There are some key economic principles I would attempt to learn about if I was you; Game Theory (and nash equilibrium by consequence) is a pretty prominent aspect of economics that is used by businesses and policymakers around the world and can get quite mathematical at times. It blends in with philosophy but is a core component of economics. Externalities was another principle I found interesting when I went to a summer school at Cambridge, understanding how decisions made in one industry/party can outwardly impact others is a very good exercise in lateral thinking and logical progression whilst being very important today - ranging from making decisions to stock picking. Oxford/Cambridge will have an economics reading list, the undercover economist is one they like to put in there, wider reading can do ALOT to improve your ability to pull arguments together and make good points. Application due dates are still months off mate. You have plenty of time and its worth noting that Oxford economics questions do tend to push you with "odd questions" where they want to see how you encounter material but they can also be very mathematical, akin to a maths interview in some cases. Looking at a recent FT article: Biden has announced a global 15% tax plan he wants to push in the G7 summit. Who might be for and against this change? Why? Why might Rishi Sunak already be trying to lobby for the City of London's financial institutes to be an exception and not have to pay? Understanding game theory and externalities can help you approach these questions.
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(Original post by Anonymous)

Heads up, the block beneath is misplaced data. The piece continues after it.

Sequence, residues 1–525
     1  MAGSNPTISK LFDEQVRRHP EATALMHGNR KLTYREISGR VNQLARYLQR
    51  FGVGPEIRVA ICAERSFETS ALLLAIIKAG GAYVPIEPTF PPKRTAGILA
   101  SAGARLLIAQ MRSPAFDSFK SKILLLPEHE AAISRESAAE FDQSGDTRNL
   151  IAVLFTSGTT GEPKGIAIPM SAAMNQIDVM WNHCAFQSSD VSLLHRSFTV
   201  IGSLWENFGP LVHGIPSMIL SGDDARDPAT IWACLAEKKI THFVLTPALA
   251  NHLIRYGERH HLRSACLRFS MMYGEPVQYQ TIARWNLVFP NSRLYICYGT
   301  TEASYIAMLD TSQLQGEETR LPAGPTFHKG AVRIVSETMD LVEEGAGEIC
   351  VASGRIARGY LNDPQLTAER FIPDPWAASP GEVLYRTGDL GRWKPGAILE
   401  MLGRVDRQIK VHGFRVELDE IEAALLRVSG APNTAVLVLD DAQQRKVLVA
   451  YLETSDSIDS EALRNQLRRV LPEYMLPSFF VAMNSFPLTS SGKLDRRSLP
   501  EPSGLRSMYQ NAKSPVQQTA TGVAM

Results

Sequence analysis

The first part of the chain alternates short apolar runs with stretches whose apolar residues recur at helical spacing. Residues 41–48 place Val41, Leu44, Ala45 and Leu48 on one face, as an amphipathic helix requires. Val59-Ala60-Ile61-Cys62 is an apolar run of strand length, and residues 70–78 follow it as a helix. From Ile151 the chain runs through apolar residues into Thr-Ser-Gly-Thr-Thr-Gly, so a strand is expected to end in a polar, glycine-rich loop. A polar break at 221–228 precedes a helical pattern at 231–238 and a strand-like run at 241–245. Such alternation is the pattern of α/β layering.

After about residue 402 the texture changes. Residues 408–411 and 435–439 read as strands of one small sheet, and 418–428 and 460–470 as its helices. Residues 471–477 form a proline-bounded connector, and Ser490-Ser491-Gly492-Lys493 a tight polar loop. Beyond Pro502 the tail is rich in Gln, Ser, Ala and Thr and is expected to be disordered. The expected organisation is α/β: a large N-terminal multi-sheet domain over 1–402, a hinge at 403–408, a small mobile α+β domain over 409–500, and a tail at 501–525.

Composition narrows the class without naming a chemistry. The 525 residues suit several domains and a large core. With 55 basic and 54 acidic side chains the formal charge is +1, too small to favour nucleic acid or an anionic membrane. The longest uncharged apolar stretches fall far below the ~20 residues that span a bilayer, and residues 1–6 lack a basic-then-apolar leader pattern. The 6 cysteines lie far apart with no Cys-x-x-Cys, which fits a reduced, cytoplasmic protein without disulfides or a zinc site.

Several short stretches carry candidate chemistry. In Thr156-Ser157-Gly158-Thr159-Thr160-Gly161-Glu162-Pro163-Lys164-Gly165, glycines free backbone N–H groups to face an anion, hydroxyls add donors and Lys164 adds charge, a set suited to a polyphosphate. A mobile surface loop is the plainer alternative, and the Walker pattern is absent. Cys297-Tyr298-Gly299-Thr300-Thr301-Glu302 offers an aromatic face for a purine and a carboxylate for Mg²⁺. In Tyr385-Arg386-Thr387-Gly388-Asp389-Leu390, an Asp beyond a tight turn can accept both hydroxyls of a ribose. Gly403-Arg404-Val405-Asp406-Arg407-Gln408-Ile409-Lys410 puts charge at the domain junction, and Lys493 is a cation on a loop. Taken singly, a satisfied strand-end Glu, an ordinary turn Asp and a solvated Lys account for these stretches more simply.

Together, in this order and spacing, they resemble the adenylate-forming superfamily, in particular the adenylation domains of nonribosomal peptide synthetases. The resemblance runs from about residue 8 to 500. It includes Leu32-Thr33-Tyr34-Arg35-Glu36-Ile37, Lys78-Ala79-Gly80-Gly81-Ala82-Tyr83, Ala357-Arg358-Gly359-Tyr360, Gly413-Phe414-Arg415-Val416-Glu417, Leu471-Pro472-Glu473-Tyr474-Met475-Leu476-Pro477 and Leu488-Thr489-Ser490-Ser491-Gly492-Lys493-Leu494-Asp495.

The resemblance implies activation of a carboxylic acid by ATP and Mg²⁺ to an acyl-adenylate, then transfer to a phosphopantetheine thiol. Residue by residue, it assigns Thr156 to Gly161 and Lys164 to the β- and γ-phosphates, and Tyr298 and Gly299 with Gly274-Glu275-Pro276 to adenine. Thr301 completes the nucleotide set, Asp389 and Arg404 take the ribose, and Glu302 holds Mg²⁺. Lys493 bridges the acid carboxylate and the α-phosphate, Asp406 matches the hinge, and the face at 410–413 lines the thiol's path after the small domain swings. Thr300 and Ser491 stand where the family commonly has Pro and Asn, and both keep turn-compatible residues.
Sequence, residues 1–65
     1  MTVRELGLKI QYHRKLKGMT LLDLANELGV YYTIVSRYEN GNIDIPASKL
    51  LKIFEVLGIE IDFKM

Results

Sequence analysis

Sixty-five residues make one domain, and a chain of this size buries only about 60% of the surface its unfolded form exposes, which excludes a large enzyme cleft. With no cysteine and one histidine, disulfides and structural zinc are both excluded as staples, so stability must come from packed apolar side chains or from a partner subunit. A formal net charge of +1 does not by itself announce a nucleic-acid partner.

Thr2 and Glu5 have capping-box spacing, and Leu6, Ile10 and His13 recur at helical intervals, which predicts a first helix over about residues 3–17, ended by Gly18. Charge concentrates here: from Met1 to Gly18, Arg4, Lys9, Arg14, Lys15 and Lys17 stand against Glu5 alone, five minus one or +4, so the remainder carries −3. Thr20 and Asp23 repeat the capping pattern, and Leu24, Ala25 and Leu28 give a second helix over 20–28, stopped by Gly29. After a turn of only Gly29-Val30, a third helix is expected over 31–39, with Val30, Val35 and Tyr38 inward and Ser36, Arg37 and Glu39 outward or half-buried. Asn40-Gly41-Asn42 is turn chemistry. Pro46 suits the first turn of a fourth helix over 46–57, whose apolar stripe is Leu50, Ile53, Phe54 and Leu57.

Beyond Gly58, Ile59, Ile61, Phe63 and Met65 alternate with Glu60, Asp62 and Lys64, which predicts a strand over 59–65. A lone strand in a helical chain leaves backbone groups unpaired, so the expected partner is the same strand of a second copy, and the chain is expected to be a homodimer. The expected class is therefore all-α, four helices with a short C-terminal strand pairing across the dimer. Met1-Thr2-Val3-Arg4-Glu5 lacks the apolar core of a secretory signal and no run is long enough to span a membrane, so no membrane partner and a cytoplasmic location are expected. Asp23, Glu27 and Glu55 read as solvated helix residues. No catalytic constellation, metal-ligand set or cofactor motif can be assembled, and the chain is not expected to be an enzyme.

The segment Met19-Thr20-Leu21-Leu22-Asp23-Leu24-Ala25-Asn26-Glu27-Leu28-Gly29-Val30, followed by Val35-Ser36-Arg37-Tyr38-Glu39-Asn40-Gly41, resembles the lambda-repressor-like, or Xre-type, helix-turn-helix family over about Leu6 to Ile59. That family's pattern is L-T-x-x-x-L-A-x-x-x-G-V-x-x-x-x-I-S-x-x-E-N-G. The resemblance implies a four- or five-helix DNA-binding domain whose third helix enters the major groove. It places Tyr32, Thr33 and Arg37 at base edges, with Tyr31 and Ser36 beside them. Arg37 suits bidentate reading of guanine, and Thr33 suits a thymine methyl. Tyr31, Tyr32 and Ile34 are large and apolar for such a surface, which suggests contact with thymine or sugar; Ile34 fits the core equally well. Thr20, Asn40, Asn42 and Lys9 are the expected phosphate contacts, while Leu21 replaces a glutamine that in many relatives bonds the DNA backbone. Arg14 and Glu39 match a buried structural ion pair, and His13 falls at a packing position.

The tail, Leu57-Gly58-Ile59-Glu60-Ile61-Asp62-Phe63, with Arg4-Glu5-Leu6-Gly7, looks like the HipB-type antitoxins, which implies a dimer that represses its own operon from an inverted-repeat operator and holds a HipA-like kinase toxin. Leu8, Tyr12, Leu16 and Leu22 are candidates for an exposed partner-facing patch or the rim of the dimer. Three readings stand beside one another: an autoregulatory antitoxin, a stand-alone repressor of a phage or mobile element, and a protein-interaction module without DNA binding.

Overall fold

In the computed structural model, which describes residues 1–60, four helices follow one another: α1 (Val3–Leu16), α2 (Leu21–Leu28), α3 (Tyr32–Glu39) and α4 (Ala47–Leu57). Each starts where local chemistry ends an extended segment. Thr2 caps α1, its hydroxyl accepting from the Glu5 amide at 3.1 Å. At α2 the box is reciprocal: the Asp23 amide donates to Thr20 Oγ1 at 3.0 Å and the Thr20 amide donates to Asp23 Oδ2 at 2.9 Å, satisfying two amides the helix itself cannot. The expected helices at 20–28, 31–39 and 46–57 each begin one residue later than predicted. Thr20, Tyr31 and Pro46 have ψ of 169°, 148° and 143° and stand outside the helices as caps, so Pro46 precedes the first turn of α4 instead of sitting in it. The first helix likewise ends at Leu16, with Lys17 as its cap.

After lots of thinking and discussions, I've decided to apply to oxford for e&m! I do realise that it's likely that I won't be accepted but I still do wanna try. The application process is extremely tough because I will have so many other things to prep under a shorter period of time, but I will def learn a lot, including time management, critical thinking, problem solving and many others. I am honestly so so nervous about the workload because I already have so much on my plate and I am starting late (as compared to my classmates who are applying to oxbridge), but it is a good learning experience.

Having said so, do you have any resource (book/ page/ podcast/ newspaper etc) recommendations for e&m? I found the oxford reading list online but I was just wondering if you might want to recommend any, maybe even on a specific economist and his/her beliefs (like Adam Smith for example??)? I quite like the business component, rather than the political component, however, I am still open to any. At the moment, I have only read 2 books (will def increase my reading time ;-: one on environmental economics, and the other in behavioural economics. I found behavioural economics very interesting but I want to expand my knowledge.